As we roll through a bountiful green season, we’re seeing the traditional arrival of mahi-mahi in large numbers both offshore and inshore. These colorful fish are given to sudden eruptions of raw speed and make for thrilling catches as well as sumptuous meals. They’ve been steadily increasing in numbers over the month of September and look on track to hit their usual peak in October and November.
Offshore, we’ve been finding surface-dwelling mahi-mahi, which shimmer in shades of brilliant blues, yellows and greens, in the 20 to 40-pound range. Inshore, we’ve seen steady numbers in the 15 to 25-pound range in and around the flotsam that’s accumulated with the rains that have doused the inland forests. As we’re reeling in mahi-mahi close to shore, we’re also coming across yellowfin tuna in the 20 to 40-pound range and some majestic black marlin in the 300 to 500-pound range.
But the inshore bounty isn’t limited to those three great catches. While their peak season isn’t until next month, roosterfish have been making a nice showing. These flaky and tender treats of the sea make for delicious meals and we’ve been getting them in good numbers around the rocky inland waters. These same waters have been providing nice hauls of red snappers, jacks and small wahoo, which are currently in their prime season and make for a mild-sweet treat for every angler’s dinner table.
While inshore bottom fishing we’re finding lots of snowy groupers, another mild-sweet fish that’s flaky and delicious when prepared any number of ways, from roasting to grilling and in ceviche. Our inshore fishing is also landing us rose fish and tilefish in the 30 to 50-pound range that gather along the inshore reefs.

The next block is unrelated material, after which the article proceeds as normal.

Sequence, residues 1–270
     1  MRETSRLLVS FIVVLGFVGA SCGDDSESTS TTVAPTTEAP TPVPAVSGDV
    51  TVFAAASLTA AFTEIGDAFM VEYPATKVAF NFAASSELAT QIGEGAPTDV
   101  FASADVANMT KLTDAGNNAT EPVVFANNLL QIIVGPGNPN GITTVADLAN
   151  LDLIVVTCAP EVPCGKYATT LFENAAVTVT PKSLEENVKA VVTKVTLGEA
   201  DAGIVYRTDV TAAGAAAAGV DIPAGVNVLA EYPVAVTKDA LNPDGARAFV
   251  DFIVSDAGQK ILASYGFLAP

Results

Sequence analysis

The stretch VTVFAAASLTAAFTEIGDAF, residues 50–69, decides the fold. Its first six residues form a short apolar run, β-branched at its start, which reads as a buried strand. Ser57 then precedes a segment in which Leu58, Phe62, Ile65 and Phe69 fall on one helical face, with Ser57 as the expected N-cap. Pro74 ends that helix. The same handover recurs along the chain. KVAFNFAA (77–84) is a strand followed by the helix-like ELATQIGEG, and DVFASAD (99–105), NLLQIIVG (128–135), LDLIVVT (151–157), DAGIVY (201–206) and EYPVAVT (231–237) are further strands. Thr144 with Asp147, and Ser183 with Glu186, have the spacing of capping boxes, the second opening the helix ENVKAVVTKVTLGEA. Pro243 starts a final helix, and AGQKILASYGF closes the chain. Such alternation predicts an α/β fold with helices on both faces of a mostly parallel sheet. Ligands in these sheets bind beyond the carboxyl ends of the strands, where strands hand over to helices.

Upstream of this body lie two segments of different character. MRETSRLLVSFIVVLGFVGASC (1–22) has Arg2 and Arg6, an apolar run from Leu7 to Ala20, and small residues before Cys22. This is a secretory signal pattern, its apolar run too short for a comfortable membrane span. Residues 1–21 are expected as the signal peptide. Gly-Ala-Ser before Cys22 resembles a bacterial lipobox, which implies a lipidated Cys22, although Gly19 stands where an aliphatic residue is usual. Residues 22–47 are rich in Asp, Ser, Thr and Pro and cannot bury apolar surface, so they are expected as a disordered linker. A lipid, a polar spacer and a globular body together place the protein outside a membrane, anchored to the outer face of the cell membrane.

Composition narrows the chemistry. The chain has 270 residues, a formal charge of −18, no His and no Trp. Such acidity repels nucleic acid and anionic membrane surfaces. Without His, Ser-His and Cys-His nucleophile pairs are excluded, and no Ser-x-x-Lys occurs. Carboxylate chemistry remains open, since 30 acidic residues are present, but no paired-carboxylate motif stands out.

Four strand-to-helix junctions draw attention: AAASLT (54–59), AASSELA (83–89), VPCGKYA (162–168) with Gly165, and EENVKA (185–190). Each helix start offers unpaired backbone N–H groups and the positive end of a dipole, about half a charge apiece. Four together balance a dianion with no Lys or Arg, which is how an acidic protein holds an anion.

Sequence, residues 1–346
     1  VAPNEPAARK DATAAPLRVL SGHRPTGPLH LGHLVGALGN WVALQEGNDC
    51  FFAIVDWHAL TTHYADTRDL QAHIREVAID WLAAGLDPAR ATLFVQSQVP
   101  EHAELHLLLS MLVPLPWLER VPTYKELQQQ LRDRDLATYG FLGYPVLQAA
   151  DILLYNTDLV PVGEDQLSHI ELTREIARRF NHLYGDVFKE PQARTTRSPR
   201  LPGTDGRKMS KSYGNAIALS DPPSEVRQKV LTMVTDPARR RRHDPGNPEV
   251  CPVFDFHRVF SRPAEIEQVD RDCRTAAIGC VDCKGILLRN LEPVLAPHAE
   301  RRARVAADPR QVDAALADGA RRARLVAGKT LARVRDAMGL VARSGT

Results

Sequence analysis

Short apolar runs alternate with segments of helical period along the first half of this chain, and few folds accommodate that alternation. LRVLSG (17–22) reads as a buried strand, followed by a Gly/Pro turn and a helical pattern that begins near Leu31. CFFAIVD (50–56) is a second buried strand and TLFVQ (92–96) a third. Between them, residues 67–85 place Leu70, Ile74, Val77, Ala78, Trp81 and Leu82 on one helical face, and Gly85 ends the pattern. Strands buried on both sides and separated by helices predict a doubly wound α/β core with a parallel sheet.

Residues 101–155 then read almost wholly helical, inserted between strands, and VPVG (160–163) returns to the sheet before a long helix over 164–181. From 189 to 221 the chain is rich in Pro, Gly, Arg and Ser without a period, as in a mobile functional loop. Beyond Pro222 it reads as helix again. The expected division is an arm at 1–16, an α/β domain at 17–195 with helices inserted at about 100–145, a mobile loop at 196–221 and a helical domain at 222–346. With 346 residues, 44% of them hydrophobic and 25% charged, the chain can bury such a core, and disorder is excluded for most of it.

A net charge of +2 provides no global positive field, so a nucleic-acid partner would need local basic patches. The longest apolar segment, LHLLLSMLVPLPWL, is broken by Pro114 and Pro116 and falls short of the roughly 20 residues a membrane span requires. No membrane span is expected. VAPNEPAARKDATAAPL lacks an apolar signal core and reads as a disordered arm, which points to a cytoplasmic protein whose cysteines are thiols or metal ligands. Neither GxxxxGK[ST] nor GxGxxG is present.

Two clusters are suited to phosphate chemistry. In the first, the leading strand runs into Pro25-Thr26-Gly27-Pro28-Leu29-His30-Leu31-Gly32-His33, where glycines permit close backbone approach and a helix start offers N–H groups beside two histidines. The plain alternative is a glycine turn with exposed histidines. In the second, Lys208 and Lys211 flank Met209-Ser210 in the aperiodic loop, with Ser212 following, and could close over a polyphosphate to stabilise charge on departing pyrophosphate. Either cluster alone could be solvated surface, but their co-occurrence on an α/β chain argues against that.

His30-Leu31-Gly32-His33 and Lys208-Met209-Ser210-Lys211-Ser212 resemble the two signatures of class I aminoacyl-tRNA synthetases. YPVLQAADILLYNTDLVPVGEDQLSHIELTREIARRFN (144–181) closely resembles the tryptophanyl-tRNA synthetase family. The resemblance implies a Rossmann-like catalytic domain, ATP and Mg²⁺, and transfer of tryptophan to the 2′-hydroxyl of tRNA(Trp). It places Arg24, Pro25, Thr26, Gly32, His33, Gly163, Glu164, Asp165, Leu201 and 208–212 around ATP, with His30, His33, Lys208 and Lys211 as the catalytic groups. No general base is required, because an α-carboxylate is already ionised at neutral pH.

October and November are great months for marlin and sailfish. Both blue and black marlin have been found in offshore waters. Ranging from 150 to 300-pounds, these fantastic fighters are powerful, fast and on the wish list of nearly every fisherman. While moderate now, sailfish numbers normally increase over November and stay strong through December and January.
Prevalent throughout the year in the Central Pacific, we’re seeing consistent hauls of yellowfin tuna in the 100 to 200-pound range. Spotting pods of porpoises offshore we’re bound to come across tuna feeding with them. These tasty fish typically hit peak density starting in January so the numbers we’re seeing are a positive indication of the months to come when reeling in 400-pounders isn’t uncommon.
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